25 March 2013

America the Bountiful

When you look at the festival and events at Walt Disney World, it is less about major overhauls and more about finding the little tweaks that could make a big difference. In the case of the Epcot International Flower and Garden Festival, the food is great, but the flowers are still the stars. Guest come to see the perfume garden in France, the bonsai in Japan, and the gussied up gardens all around World Showcase.

Where most pavilions have a specific identity they adhere to during the International Flower and Garden Festival, there is one pavilion that lacks that specific garden identity, The American Adventure. In recent years it has been utilized as an exploration of container gardens that grow needed vegetables and an ABCs of flowers and vegetables. I love Toy Story as much as anyone, but I’m not sure that is a permanent long-term answer for the pavilion’s Flower and Garden showcase.

The pavilion is filled with inspiration of how to retool this garden to maximize its impact. Patterned gardens based off of the flags of the United States is a great idea, but there really isn’t enough space for to create such grand palates. So much of our history comes from our literature and a garden highlighting the scents inherent to American poetry (from Walt Whitman’s When Lilacs Last in the Door-yard Bloom’d to Lydia Maria Child’s Over the River and Through the Wood) would be lovely, but perhaps a bit too cerebral.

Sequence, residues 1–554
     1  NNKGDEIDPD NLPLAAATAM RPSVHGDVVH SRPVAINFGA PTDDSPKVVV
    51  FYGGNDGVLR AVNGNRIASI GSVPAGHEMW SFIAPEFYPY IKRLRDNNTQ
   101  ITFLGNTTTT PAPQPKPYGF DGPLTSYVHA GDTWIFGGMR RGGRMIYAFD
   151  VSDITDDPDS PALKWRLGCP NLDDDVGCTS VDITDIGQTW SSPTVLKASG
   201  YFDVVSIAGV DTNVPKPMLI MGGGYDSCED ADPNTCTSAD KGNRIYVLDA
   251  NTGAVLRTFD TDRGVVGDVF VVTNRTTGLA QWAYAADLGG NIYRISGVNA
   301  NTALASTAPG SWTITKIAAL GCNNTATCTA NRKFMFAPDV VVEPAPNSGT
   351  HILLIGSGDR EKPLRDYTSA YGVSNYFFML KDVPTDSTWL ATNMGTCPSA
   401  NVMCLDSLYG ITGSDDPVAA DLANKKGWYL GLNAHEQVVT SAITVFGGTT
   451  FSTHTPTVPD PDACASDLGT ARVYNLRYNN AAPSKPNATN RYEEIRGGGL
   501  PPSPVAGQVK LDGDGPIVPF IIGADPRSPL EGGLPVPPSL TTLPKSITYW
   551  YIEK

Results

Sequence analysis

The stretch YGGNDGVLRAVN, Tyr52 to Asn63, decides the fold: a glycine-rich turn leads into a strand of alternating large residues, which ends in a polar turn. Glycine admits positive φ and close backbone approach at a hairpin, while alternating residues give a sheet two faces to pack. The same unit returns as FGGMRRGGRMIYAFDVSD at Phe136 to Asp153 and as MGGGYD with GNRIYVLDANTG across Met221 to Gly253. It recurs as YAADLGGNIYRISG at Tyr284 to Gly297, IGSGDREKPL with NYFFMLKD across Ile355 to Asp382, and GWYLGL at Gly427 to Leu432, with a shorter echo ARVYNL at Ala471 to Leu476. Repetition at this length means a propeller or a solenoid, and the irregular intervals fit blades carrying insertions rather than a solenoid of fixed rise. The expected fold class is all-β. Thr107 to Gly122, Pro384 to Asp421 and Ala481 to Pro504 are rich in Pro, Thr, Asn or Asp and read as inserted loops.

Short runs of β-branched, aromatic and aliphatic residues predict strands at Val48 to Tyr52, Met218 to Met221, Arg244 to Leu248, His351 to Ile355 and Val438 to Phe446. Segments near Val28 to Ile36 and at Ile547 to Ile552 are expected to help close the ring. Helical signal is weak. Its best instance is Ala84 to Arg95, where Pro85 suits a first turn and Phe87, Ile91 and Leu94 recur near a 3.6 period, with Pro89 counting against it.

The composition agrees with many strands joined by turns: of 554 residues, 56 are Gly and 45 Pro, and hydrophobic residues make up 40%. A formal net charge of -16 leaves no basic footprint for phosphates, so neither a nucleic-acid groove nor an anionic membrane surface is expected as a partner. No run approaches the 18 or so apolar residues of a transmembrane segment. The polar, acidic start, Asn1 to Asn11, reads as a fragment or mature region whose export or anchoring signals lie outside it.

If you don’t have enough room to explore the breadth of differences from all across the fifty states or to cover the entirety of poetic scents, what about utilizing the sculptures from inside the American Adventure theater? Flanking both sides of the theater are a series of sculptures dedicated to the ideals and strengths that have made this country what it is today. The Spirits include Freedom, Tomorrow, Self-Reliance, Adventure, Pioneering, Knowledge, Heritage, Independence, Innovation, Discovery, Compassion, and Individualism.

Now, I’m not thinking of this as a way to recreate the sculptures out in the courtyard, as that wouldn’t create a must-see environment year after year. To make this an experience that guests will come back to time and again we need to infuse the sculptures with life, a la the living sculptures seen around Pleasure Island or the Captain Hook living topiary from advertisements this year. Imagine guests taking a picture with the Spirit of Self-Reliance suddenly placing its hat atop their head, the Spirit of Knowledge posing as if it were giving a lecture to the guests, or the Spirit of Adventure letting guests take their turn at the wheel. There are a lot of sculptures with a lot of range to interact with guests that could really bring up the status of the garden.

The American Adventure should be a focal point, and not a passing thought, for guests visiting the Epcot International Flower and Garden Festival. Bringing the Spirit sculptures out of the theater and into the gardens, complete with patriotic or home gardening backdrops, would be a way to maximize the impact of the space The American Adventure has.

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